When you select a book to buy at the bookstore, one often tends to leaf through the middle to consider if the style is enticing. I do that: I also try to fish for the subject matter.
However, my favorite books are the ones that begin with a strong incipit. The incipit of a text, or of music are the first few words of an opening, the first notes of a tune. I think I like the word "incipit" as much as I enjoy reading a perfectly written one. It rings like the beginning of an amazing tune.
When I open a book and I fall in love with the text at the incipit, a magical thing occurs. I smile with excitement. I read a paragraph and the emotions force me to close the book again. I promise to start again later. So I can digest the words, the style, the beginning of a love affair. My heart rate is too high for me to read with comprehension.
This has happened many times but not as many times as I have started books. Sometimes the impact on me is so strong that I know exactly where I was at the time and always remember the paragraph, the scene. Till this day, impressive incipits have rarely disappointed me.
The most memorable one ever was "Midnight's Children" by Salman Rushdie. I sat on the stairs in the entrance of the Geneva apartment building, waiting for my son to be dropped off by the school bus, some years ago. I began reading about the grandfather of the narrator and his journey across the Kashmir lake with a strange man who was rowing his boat. The mist, the old men, the hushed early morning atmosphere were the first sentences that I ever read by Salman Rushdie. In those lines, I discovered a gem of a book.
I also enjoyed the opening of Saramago's "Blindness", which I have already discussed at length in this blog. When I cross streets and wait for traffic lights I now always remember the opening paragraph of the book. The busy traffic, and that one car that remains still at the red light, even when that light changes to green, and that description of blindness.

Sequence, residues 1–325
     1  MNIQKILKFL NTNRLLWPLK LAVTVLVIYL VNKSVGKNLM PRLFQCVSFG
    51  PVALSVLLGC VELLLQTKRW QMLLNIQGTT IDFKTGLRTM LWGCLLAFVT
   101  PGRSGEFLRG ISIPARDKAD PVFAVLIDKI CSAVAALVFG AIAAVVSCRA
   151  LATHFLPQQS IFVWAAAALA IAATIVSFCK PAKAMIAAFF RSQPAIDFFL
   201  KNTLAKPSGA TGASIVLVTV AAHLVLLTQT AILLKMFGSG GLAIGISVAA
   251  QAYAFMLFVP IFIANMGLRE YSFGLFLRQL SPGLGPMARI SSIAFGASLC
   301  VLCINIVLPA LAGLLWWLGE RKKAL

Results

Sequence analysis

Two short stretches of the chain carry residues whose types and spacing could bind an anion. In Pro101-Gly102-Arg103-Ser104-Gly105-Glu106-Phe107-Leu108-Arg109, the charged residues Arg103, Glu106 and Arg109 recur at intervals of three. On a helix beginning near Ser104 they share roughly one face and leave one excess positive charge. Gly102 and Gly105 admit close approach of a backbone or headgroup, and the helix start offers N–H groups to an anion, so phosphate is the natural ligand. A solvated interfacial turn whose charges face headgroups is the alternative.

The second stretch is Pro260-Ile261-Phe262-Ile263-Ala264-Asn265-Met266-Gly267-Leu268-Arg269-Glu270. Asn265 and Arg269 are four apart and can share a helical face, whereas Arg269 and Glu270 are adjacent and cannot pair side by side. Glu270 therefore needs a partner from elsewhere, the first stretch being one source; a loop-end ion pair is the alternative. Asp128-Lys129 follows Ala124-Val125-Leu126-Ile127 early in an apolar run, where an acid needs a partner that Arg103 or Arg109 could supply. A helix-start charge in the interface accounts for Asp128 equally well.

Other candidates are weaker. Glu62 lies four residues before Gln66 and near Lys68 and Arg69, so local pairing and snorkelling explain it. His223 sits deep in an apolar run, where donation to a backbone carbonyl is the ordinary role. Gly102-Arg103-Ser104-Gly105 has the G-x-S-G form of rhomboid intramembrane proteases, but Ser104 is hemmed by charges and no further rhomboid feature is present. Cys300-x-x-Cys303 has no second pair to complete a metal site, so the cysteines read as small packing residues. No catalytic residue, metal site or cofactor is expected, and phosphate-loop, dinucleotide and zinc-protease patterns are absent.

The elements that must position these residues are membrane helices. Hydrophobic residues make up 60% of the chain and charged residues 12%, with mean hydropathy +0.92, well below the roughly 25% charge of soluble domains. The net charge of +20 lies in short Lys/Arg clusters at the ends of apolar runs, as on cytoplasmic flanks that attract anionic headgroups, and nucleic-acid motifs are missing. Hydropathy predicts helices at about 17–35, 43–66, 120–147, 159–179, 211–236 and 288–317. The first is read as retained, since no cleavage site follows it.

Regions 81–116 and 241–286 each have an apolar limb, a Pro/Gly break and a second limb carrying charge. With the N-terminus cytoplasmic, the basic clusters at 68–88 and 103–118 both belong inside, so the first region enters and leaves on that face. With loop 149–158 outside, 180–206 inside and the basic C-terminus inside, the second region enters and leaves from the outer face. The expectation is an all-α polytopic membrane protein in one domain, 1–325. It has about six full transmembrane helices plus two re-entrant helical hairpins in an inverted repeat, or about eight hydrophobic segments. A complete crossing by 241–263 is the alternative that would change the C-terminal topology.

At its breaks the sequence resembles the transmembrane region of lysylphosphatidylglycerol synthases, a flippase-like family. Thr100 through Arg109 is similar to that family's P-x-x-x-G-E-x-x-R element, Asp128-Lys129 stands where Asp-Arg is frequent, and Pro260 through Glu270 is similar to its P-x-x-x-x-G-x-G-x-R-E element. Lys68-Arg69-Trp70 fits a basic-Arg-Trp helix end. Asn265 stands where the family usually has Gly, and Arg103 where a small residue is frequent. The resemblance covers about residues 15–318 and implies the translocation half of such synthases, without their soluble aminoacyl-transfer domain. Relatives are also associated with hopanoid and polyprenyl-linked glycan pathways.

However, I have been disapointed a few times by memorable openings to certain novels. I am first drawn in but then I grow restless. Most recently I picked up a French book, "Les Yeux Jaunes des Crocodiles", by Katherine Pancol. I was sitting on a bus when I started it. A woman cuts herself while peeling a potato and cries out of the despair of her heart. I was spell bound by the style, the thought process and the simple narrative. However the rest of the book became monotonous. There were too many characters and not enough character development. I am currently halfway through it, and I now reach for the book half heartedly. It almost narrates like a TV series. I was almost going to mail it across the Antlantic to my sister, but have renounced the thought. There was one example of a disappointing development to a remarkable incipit.
I guess the moral would be to never judge a book by its cover (look how colorful it is above) or by its incipit!
I actually enjoyed 'Les yeux Jaunes...'. Granted, it's not a classic by any stretch, but light enough to qualify as an enjoyable summer read, call it a summer fling.ReplyDelete
There is a piece of dialogue which struck me; Jo, the main character, quotes from an author whom she does not name, and it goes something like this:
'On reconnait le bonheur au bruit qu’il fait lorsqu'il s’en va'.
Isn't that a fab way of saying that we should never take anything for granted? Turns out it's taken from one of Prévert's poems.